So if you Management0/0 interfaec is configured with an IP address and you want to manage the ASA using that interface IP address you will have to be behind that interface. So you cant connect to that interface from behind another ASA interface.

The only exception is when a management connections is coming through a VPN connection. Then you can use configured "management-access " to enable connecting to that interface. But in your case we are not talking about VPN.

Though you should be able to connect to the switch behind the Management0/0 interface. If we are talking about a L2 switch you have to make sure that the switch has its default gateway configured so it can forward the return traffic back to the management hosts. You will also have to make sure it has passwords configured under "vty" and that no ACL is blocking your access.

You will have to also make sure on the ASA that those connections are allowed.

You can always use the "packet-tracer" command to simulate a management connection coming from the user to the switch management IP address and see what rules/configurations it hits and if it goes through.

For example

packet-tracer input tcp 192.168.100.x 12345 10.10.50.2 22

packet-tracer input tcp 192.168.100.x 12345 10.10.50.2 23

Just enter the input interface "nameif" there and specify the complete source address for the simulated connection.

- Jouni

New Member

Re: administrative access via firewall

Thanks again.

Below is the related configuration from ASA and Core switch.

A simple network diagram is also attached.

ASA:->

interface Management0/0

nameif management

security-level 100

ip address 10.10.50.1 255.255.255.0

interface Port-channel1

description To Outside switch

nameif OUTSIDE

security-level 0

ip address 192.168.100.2 255.255.255.252

!

interface Port-channel2

description To Core Switch

speed 1000

duplex full

nameif INSIDE

security-level 100

ip address 172.16.10.1 255.255.255.252

access-list OUT_access_in extended permit ip 192.168.100.0 255.255.255.0 192.168.5.0 255.255.255.0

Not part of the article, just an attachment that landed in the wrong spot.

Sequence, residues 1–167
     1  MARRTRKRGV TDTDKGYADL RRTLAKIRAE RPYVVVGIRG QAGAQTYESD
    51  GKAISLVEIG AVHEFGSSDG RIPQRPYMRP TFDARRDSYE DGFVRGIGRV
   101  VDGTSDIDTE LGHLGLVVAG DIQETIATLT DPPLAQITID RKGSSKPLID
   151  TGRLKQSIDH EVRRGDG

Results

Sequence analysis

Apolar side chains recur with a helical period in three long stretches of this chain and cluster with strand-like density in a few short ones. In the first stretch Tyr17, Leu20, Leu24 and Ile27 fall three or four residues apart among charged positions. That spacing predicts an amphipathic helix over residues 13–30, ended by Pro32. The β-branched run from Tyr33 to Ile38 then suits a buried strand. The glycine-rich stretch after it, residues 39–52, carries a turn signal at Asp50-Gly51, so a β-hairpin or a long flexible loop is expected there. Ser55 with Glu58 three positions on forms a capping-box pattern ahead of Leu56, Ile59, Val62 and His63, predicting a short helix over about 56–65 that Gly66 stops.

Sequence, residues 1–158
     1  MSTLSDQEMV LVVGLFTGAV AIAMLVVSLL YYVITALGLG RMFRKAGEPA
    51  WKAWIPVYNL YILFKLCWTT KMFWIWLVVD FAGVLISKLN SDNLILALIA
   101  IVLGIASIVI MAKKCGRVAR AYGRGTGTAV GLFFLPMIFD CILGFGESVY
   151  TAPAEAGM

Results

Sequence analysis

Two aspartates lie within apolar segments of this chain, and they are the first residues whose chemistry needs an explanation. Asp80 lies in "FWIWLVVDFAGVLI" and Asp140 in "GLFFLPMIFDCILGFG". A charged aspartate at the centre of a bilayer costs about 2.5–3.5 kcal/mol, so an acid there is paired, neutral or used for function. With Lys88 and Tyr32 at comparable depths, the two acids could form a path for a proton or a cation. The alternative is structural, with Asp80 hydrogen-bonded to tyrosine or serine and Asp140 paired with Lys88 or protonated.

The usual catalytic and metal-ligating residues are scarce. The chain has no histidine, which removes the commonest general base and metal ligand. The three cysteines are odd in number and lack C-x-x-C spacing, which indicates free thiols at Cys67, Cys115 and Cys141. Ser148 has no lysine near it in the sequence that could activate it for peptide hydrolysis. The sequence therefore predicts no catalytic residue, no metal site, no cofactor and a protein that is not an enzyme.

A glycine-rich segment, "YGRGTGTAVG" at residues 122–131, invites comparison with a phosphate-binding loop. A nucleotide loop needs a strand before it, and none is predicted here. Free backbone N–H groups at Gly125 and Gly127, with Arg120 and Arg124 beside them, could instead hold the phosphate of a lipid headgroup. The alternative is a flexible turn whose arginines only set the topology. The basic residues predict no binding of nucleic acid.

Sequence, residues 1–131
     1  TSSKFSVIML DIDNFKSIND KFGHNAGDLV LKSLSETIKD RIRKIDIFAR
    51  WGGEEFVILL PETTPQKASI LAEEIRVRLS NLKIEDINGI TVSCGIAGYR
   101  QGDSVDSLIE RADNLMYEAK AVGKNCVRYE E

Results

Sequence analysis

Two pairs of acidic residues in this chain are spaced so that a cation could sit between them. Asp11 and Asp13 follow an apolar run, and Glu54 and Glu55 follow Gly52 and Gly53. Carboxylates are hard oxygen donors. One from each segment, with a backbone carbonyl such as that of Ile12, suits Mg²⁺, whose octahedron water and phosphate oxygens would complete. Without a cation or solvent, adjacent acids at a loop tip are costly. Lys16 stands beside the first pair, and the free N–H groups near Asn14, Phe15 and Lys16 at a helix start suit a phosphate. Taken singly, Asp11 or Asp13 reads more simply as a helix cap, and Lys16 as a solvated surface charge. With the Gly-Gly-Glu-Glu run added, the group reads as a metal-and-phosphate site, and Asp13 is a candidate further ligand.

access-list OUT_access_in extended permit ip 192.168.121.0 255.255.255.0 192.168.5.0 255.255.255.0

access-list OUT_access_in extended permit ip 172.16.29.0 255.255.255.0 10.10.50.0 255.255.255.252

access-group OUT_access_in in interface OUTSIDE

route OUTSIDE 0.0.0.0 0.0.0.0 192.168.100.1 1

route INSIDE 192.168.5.0 255.255.255.0 172.16.10.2 1

============================================

Core Switch:->

ip route 0.0.0.0 0.0.0.0 172.16.10.1

int vlan 50

ip address 10.10.50.1 255.255.255.0

interface eth1/2

switc acc vlan 50

int vlan 5

ip address 192.168.5.1 255.255.255.0

What i see is i have no way of adding a defa gateway on the core switch for the managment traffic as there is a existing default route pointing to the ASA. I have also included ACL's to allow this.

Also, when i did packet trace earlier, it indicated flow is dropped by acl-drop.

Please help on this.

Super Bronze

administrative access via firewall

Hi,

According to the above both your switch and ASA is configured with the same IP address?

Notice also that your Management and Inside interface are both "security-level 100". This means that in order to pass traffic between these interfaces you will need to have the "same-security-traffic permit inter-interface" command configured.

You can confirm if its configured with the command

show run same-security-traffic

But yes, you will run into problems with routing if you try to handle inter Vlan routing on the core switch and are also trying to forward traffic through the ASA.

I would look into the possibility of configuring a separate VRF for each of your network segments. What you could do with VRFs is basically separate each network you have to their own routing table. Vlan5 could be in a VRF called INSIDE and Vlan50 could be in a VRF called MANAGEMENT. This would mean the networks on Vlan5 and Vlan50 couldnt see eachother, both could have their own default route. If you wanted to add more Vlans to the INSIDE or MANAGEMENT you could simply attach the Vlan interface to that VRF and that Vlans network would be only added to that VRFs routing table. This would enable you to easily separate the networks from eachother in the Core and still be able to easily forward each networks traffic through the ASA

Did a quick search and found this document related to VRF on the Nexus5k

http://www.cisco.com/en/US/docs/switches/datacenter/nexus5000/sw/unicast/5_0_3_N1_1/l3_virtual.html

- Jouni